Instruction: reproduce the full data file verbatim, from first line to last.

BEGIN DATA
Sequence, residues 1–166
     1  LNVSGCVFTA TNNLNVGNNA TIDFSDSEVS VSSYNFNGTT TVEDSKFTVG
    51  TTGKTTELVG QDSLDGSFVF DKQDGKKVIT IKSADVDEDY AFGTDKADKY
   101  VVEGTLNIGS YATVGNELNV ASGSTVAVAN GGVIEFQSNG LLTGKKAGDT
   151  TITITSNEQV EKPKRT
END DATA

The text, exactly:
Sequence, residues 1–166
     1  LNVSGCVFTA TNNLNVGNNA TIDFSDSEVS VSSYNFNGTT TVEDSKFTVG
    51  TTGKTTELVG QDSLDGSFVF DKQDGKKVIT IKSADVDEDY AFGTDKADKY
   101  VVEGTLNIGS YATVGNELNV ASGSTVAVAN GGVIEFQSNG LLTGKKAGDT
   151  TITITSNEQV EKPKRT